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Angel Flight question???

El Guapo

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During the recent Katrina Hurricane I signed up with Angel Flight as a Volunteer because I felt like helping and well I was off for a month and had nothing to do.

What I didn't know is that the pilots have to pay for all their own fuel, rentals, food and equipment. This is a great way to help people out that don't have enough funds to get around on their own and have medical problems. I would love to help, but I myself don't make enough money to go out and rent an airplane, pay for gas and pay for my own food while out on the road.

Does anyone know if you file the above mentioned as a donation on one's behalf for tax purposes would I get 100% of what I spent on these flights and expenses in return on my taxes, or would I receive just a portion of it in return.

I've read all their literature but haven't run across anything that mentions this. Thanks in advance!
 

FN FAL

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El Guapo said:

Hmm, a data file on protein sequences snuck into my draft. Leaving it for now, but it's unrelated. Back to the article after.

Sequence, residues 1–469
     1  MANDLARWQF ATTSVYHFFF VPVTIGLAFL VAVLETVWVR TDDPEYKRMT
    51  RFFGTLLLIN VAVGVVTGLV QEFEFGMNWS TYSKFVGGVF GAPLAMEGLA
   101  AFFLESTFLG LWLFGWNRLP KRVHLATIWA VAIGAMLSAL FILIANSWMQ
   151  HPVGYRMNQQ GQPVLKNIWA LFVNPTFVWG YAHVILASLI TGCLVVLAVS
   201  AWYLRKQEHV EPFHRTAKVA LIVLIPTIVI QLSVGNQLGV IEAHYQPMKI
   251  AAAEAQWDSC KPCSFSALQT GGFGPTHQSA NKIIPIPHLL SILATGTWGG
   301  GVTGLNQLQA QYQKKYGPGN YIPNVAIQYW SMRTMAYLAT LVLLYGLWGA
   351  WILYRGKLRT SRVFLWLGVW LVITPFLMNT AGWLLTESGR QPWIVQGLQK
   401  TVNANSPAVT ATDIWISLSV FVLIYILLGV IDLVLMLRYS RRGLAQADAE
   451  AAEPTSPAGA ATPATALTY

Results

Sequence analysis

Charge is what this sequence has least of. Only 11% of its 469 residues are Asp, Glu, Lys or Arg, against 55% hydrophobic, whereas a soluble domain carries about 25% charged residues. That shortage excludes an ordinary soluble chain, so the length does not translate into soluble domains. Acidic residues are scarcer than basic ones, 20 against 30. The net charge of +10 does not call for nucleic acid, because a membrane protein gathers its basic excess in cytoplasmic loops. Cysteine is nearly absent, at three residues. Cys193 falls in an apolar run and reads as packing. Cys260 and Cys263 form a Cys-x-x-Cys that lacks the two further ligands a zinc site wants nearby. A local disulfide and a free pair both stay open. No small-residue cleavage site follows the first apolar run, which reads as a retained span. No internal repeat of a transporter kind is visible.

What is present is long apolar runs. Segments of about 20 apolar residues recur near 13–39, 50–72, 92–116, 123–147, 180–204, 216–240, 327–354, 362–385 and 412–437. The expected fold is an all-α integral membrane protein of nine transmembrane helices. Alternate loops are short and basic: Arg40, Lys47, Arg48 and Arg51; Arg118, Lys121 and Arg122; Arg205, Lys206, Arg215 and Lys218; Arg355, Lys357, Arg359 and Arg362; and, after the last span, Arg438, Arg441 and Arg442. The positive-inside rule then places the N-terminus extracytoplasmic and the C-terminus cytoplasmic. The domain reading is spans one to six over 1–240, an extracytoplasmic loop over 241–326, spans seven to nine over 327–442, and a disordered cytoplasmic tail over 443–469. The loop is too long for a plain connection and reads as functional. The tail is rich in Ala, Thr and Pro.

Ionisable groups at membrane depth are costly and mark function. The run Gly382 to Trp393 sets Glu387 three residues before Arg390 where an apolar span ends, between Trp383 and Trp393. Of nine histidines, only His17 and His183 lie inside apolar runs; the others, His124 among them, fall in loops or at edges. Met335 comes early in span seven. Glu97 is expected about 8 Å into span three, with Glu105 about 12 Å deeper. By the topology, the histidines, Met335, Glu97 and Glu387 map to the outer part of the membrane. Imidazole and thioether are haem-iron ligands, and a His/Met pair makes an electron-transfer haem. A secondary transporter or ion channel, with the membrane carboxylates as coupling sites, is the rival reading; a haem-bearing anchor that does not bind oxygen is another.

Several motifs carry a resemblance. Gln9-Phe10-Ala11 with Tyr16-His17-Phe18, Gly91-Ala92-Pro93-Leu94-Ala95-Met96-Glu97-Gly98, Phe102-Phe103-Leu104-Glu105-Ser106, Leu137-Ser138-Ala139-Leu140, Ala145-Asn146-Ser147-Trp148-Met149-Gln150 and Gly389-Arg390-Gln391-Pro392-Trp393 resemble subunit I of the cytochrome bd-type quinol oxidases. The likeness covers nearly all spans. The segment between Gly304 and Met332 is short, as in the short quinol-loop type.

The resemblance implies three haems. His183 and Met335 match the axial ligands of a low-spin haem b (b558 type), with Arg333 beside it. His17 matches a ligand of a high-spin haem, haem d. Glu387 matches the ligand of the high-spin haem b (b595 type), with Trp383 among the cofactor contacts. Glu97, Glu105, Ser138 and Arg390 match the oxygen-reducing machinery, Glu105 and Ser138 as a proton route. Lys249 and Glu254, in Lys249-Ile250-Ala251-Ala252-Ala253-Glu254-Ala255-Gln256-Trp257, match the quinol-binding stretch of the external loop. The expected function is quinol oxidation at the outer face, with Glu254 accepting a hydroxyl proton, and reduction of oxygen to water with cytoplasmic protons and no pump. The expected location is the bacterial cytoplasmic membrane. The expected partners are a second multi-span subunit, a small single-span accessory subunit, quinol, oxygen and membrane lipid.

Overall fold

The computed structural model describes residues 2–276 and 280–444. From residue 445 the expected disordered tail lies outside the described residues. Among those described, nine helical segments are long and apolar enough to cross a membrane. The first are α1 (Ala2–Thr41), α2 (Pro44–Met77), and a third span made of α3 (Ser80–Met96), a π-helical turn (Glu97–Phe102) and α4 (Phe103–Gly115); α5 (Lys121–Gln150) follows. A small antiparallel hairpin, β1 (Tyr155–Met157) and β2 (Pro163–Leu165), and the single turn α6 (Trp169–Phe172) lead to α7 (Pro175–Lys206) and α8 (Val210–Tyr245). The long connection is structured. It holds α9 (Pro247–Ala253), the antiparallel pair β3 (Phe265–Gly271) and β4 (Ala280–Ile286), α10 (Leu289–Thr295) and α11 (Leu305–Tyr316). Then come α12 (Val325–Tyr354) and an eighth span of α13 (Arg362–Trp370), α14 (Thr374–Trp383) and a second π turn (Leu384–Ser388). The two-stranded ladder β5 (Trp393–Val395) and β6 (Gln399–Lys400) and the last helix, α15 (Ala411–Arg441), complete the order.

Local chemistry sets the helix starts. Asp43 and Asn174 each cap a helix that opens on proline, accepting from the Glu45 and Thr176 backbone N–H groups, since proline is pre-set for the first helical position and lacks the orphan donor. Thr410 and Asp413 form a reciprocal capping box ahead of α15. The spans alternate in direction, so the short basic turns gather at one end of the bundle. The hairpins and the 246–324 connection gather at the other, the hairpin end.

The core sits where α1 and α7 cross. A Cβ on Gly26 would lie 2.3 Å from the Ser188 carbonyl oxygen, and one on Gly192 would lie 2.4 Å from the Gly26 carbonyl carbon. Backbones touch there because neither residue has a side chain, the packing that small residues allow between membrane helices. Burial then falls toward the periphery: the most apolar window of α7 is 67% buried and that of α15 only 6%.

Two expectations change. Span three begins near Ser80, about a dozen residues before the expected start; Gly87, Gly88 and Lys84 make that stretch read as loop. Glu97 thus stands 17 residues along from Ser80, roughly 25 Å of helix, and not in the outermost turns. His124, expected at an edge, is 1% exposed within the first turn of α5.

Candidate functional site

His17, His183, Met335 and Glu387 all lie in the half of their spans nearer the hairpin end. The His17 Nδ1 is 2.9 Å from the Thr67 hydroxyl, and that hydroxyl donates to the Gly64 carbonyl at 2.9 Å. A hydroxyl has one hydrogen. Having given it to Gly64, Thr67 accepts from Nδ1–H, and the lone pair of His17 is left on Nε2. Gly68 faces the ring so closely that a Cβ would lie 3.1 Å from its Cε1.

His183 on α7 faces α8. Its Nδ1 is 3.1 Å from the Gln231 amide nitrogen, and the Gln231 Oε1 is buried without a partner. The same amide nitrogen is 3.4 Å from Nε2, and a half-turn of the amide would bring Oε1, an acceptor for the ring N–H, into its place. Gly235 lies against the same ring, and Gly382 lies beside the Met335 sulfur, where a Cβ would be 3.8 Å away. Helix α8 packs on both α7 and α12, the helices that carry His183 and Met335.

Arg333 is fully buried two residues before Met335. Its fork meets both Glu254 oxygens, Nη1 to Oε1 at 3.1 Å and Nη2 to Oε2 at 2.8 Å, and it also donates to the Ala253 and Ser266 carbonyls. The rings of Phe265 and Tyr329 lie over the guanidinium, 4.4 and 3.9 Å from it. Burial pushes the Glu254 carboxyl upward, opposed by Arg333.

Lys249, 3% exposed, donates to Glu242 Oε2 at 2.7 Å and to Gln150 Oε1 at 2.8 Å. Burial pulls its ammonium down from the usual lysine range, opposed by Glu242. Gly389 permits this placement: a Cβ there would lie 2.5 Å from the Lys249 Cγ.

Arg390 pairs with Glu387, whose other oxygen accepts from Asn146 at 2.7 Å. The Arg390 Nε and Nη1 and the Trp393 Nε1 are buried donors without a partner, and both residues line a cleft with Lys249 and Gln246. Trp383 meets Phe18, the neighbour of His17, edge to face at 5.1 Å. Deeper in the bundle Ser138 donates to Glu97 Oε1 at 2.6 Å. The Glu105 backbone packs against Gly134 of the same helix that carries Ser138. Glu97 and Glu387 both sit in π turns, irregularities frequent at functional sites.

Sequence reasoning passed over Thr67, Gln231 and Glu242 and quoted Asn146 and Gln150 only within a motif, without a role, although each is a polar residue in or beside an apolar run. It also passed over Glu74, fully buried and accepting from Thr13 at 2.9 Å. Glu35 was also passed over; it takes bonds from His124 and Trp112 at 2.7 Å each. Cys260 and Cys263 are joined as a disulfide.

Does anyone know if you file the above mentioned as a donation on one's behalf for tax purposes would I get 100% of what I spent on these flights and expenses in return on my taxes, or would I receive just a portion of it in return.
It works the same as any tax deduction, it simply reduces the amount of your taxable income. Just like when you throw 3,000 in an IRA.

El Guapo said:
I've read all their literature but haven't run across anything that mentions this. Thanks in advance!
That's because they are assuming that most people that fly planes know what a tax deduction is and how it effects them.
 

Vector4fun

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My understanding, as we were briefed on our orientation conference call, is that you can write off all the aircraft expenses as a charitable donation. Nobody mentioned food or lodging though....
 

midlifeflyer

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You may list the direct costs of the flight as a charitable deduction. That one area where the renter pilot has a small "advantage."

If you're looking for the FAA's position on it:

==============================
Air Transportation Operations Inspectors Handbook
FAA Order 8400.10, Vol. 4, Chap. 5, Sect. 1, Para 1345

1345. FAA POLICY REGARDING "COMPENSATION OR HIRE" CONSIDERATIONS FOR CHARITABLE FLIGHTS OR LIFE FLIGHTS. Various organizations and pilots are conducting flights that are characterized as "volunteer," "charity," or "humanitarian." These flights are referred to by numerous generic names, including "lifeline flights," "life flights," "mercy flights," and "angel flights." These types of flights will be referred to as "life flights" in this section.